Swimming in the Dark by Tomasz Jedrowski



‘You’re busy?’ She raised her eyebrows. ‘C’mon, just for one drink. We’ve been saying how much we’ve missed you.’

I could see your fingers closing tight around the strap of your bag. You wore an expression I found impossible to read.

‘I can’t tonight,’ you finally said. ‘I’m sorry. Next time.’

She looked at you for a while, until a smile curled itself around her lips. ‘Fine. But no excuses for my birthday party. At the end of the month. You’re coming. Yes?’

You nodded. She kissed you goodbye and ran off, her boots beating on the concrete. We stood for a moment without speaking, the air strangely charged. You looked gloomy, worried even.

‘Everything OK?’ I asked.

You nodded, without looking at me. ‘All good. Let’s go.’

‘Do you think she saw us?’

‘I don’t know. I don’t think so.’ Again your face was inscrutable.

We climbed a set of narrow stairs lined by a large stone wall. Behind it lay the nuns’ convent, their cloister with its orchards and grazing cows, and new residential blocks towering just above.

A group of boys in tight jeans came towards us, walking down the narrow passageway. One held a small, heavily made-up girl around the waist, while another, with a sharp face and gelled-back hair, looked you up and down with curious eyes. You noticed him and your face seemed to harden; you looked away. We reached the top of the bridge and waited at the traffic lights. To our right lay the city, the neon lights of the tall buildings glistening, advertising clubs and restaurants, to our left the Wisła and the dark shore of Praga. I thought I could sense your restlessness. You looked at me from the side.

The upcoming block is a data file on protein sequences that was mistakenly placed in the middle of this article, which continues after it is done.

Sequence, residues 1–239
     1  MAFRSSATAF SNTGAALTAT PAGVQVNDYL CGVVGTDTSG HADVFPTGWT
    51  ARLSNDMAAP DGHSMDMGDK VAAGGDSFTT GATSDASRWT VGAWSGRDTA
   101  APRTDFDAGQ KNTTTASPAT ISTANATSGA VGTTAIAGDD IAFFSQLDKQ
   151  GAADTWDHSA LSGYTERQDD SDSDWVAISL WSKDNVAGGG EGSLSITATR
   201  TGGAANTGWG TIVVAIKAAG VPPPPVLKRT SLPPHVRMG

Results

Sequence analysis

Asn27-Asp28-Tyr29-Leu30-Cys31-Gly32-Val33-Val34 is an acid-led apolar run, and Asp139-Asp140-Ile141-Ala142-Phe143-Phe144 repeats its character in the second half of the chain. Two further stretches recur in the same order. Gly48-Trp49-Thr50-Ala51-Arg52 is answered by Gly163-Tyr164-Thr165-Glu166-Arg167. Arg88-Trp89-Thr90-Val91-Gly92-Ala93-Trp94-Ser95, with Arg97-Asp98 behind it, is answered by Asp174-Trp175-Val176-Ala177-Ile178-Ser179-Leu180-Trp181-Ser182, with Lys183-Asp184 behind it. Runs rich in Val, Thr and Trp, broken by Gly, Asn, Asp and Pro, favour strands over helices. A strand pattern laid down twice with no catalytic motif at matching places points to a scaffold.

‘What is it?’ I said.

You looked ahead, at the red light. ‘I think it’s better if I spend tonight by myself.’ You sounded careful, circumscribed. ‘Just tonight.’

‘Why?’

‘I need some time alone.’

I looked into your eyes, trying to discern what this meant. Your look was steady.

‘I’m just tired,’ you said. ‘I need to rest. Alright? I’ll see you soon.’

‘Is it because of Hania?’

You shook your head, not looking at me. ‘Don’t overthink it.’

The light turned green and a tram appeared. We said goodnight, our hands in our pockets, and then you crossed over without turning back.

Three days passed and no message came. Rather than drive myself crazy, I caught a rattling tram to the other side of the river. You opened the door shirtless, holding a razor in your hand. You seemed surprised to see me, but not displeased. You invited me in. There was a water bowl on your desk, and a little mirror propped against a pile of books.

‘I’m just getting ready to go out,’ you said, sitting down and running a hand over your stubble. ‘A drink. My boss invited us to his place.’ You tried to sound casual and threw me a glance as if to test my reaction. I was calm. You took up the razor and looked at yourself again. ‘Can we see each other tomorrow? At the pool?’

I nodded, relieved to have some certainty. ‘Sure. Have fun tonight.’ I managed to say this without sounding sarcastic. You stood and kissed me hard on the mouth, razor still in hand.

I went to a student cafe near campus and prepared for my interview with the board that would take place if I passed into the next round. I’d come to like my topic on Baldwin’s analysis of racism in America. Professor Mielewicz had praised it too, saying I’d be the first in the country to examine it. It made me think that throughout my life, up to this point, everything I’d done had felt either irrelevant or replaceable. Here, for the first time, was something wholly mine, something that needed me in order to exist. I was expecting news from the professor any day now. I tried to remain hopeful.

When the cafe closed, I took my things and made my way home. It was a balmy night, maybe the last one of the year, and so I decided to walk, taking the long route. I walked towards the Old Town, where the lights had been switched off for the night. Couples sat kissing at the foot of King Zygmunt’s Column or leaning against the walls of the reconstructed castle. I walked through the little narrow streets, past the cathedral, and out on to the old market square, which was almost empty except for some tourists taking photos of the restored baroque facades. The sky was a square, drawn by the high roofs of those houses. And then I heard the faint but steady sound of a saxophone, with a bass chasing after it. The melody drifted through the air, little more than a whisper of jazz.